I'm just going to come right out and say it: Friday night's game was great. It sucks that the Braves were forced to play a one-game playoff against a team that finished six games behind them in the standings when in any other season since 1995, the Braves would have gone right into a series against the Reds with Kris Medlen starting game one.* It sucks that the Braves lost to the Cardinals, a team that continues to show the flaws of allowing inferior teams to have almost equal shots at winning championships. It sucks that the Braves committed the fewest errors in the National League, led the NL in defensive efficiency, and yet committed three costly errors, thus losing a game in which they outhit the Cardinals 12-6. It especially sucks that the first and most important of those errors was committed by Chipper Jones in his final game, thus illustrating the one good line from Cocktail: everything ends badly, or else it wouldn't end. It sucks that the Braves mimicked their offensive performance against Russ Ortiz in the decider against the Giants ten years ago,** repeatedly getting runners on base (including runners on second and third in each of the final three innings) and then not getting the big hit to get them home.
* - I like the one-game wild card game in concept because it rewards teams for winning their divisions. It's just unfortunate from Atlanta's perspective that it wasn't around for years when it would have benefited the Braves and now it comes into being in a year where it hurts our team. Because of unlucky timing, the Braves get the worst of both worlds.
** - In a nutshell, that's what it's like to be a Braves fan in October. Not only do you expect you team to lose, but you always have a comparator when the inevitable disappointment arrives.
It does not suck that Braves fans responded to one of the worst calls in recent memory by engaging in a little civil disobedience. To be clear, I didn't throw anything myself. I'm fundamentally a risk-averse, obedient person who fulfills the stereotypes of a first-born child. However, I thoroughly enjoyed the experience of watching a loud, passionate crowd express its feelings for an atrocious decision by an umpire who raged against his own irrelevance by inserting himself into the game.* A little displaced anger is emotionally satisfying. Our team, put into an unfair situation, didn't play well, so let's focus on a bad call that went against us instead.
* - Leaving aside the preposterous nature of the left field ump invoking the infield fly rule, the call struck me as an attempt by an umpire to justify his own existence. Think about it, you're a highly-paid professional who has been assigned to plays in left field. You don't get to make a call all game. Now, all a sudden, the ball is coming to your area! It's time to shine, regardless of, you know, whether the call is actually correct or even defensible.
In the coming days, there will be all sorts of tut-tutting from various voices about the reaction of Braves fans to the decision. Screw all of that. As far as I know, no one got hurt by the fusillade of flying cans and bottles. (Isn't this why sports teams don't sell glass bottles in the first place? If you are going to give us safe projectiles...) If you are going to put out-sized importance on just one game, then don't be shocked or angry when fans do the same. And let's be honest here, this was an unusually bad call. It's one thing to miss a bang-bang play at second or to miss a pitch on the black. It's another entirely to invoke the infield fly rule in left field for a rookie shortstop who was retreating up until the time that the ball dropped and who was clearly struggling with a pop-up. Uniquely bad call, uniquely strong reaction.*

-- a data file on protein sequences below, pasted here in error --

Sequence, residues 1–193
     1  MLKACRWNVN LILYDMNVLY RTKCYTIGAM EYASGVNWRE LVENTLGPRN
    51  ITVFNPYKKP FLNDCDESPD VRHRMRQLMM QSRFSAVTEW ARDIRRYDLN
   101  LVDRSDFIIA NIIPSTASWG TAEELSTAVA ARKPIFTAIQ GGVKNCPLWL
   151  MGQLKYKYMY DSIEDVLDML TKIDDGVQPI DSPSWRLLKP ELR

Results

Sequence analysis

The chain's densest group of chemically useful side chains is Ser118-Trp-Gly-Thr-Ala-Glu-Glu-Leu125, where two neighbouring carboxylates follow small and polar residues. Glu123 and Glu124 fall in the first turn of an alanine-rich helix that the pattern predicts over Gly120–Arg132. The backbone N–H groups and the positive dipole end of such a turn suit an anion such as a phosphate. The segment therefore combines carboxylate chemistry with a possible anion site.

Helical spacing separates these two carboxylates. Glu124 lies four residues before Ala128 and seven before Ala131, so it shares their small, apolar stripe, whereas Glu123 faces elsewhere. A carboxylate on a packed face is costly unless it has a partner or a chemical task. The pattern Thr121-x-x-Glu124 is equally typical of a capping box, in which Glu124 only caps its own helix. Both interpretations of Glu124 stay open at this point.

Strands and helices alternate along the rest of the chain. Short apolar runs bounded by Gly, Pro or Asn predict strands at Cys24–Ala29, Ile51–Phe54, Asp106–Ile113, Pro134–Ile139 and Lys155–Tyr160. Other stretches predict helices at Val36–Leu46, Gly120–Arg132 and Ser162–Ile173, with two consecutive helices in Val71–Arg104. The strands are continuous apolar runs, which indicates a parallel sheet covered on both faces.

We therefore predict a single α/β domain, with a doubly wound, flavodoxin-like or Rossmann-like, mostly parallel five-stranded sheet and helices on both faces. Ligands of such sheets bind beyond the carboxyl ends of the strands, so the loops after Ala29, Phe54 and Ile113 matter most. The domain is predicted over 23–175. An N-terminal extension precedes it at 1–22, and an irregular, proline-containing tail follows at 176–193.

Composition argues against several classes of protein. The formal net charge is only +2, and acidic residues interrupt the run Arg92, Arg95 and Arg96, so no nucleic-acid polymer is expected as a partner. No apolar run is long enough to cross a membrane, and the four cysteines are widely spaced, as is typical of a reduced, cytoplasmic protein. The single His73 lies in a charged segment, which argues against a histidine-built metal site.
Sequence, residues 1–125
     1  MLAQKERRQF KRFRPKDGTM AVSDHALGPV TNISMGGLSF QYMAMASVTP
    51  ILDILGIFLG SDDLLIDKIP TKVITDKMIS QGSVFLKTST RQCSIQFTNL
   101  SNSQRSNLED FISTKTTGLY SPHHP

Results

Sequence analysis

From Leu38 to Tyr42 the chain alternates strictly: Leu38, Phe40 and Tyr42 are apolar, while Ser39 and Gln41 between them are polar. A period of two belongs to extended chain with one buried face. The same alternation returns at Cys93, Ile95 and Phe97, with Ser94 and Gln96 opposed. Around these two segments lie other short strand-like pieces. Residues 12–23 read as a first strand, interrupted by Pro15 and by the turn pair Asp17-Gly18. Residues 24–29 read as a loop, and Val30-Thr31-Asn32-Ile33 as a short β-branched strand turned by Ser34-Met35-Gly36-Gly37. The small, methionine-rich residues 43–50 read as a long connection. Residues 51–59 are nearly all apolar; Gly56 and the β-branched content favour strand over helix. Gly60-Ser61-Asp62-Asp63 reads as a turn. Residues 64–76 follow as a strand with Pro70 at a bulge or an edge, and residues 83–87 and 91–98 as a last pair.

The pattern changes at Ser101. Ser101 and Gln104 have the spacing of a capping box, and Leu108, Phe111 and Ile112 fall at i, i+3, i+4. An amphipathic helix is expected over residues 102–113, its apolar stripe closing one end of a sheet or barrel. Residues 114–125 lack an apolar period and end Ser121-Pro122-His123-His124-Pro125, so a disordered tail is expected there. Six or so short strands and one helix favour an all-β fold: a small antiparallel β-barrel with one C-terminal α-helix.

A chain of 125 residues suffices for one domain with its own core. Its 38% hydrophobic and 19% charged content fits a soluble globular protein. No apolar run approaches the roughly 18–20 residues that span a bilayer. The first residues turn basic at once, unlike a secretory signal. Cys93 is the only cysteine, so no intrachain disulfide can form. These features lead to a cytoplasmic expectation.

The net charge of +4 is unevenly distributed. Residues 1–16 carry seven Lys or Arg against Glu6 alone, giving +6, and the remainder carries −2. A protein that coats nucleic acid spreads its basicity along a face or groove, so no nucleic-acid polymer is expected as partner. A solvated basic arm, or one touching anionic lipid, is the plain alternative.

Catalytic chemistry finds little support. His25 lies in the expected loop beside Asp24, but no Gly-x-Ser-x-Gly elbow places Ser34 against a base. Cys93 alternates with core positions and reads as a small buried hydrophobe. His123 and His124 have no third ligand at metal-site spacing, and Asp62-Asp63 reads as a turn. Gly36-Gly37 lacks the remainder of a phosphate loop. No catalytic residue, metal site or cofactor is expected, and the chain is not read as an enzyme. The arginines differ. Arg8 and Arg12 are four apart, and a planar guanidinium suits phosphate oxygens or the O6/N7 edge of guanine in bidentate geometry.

* - My attitude on this might be affected by the facts that I went to a college whose student section is noted for pelting marshmallows onto the field and I am a member of a futbol club whose fans famously lobbed a pig's head at Luis Figo.
And the real pisser about the situation is that the rewards in baseball for regular season superiority are so marginal and yet the Braves were deprived of that advantage by Sam Holbrook's "look at me! I'm relevant!" moment. Home field advantage barely matters in baseball, but the Braves were lucky enough to have a situation where it did come into play: crowd-noise induced miscommunication between an on-rushing outfielder and a retreating infielder on a critical pop-up. Also, the primary value of home field advantage is that crowds affect referees. It's hard to swallow the fact that the Braves won 94 games during the regular season and their reward was to get screwed at home against an 88-win team when the value of winning all of those games should have been that the Braves got to do the screwing. That's how it works* for the Yankees.
* - If I were an Orioles fan, I would do the cyber equivalent of throwing a Miller Light empty onto the field for the fact that Major League Baseball refers to the Jeffery Maier incident as one of "Baseball's Best Moments." And if MLB is going to laud Yankees fans for interfering in a game and altering the result by breaking a rule, then the hell with MLB censuring Braves fans in any way for legitimate protest.
As the Ted was melting down in the bottom of the eighth, I was struck by the sense that in the space of seven days, I went to a Georgia game in Athens and a Braves game at the Ted and the Braves game had the more passionate fans. The struggle for Atlanta pro sports has always been trying to import the visceral, lung-bursting feeling for college football that we get on Saturdays in the South into Falcons, Braves, and Hawks games. For one night, the Ted was Death Valley. We shouldn't be apologetic about that fact. This town could use more intensity at sporting events and more of the shared, memorable experiences that pull a fan base together. Friday night delivered both.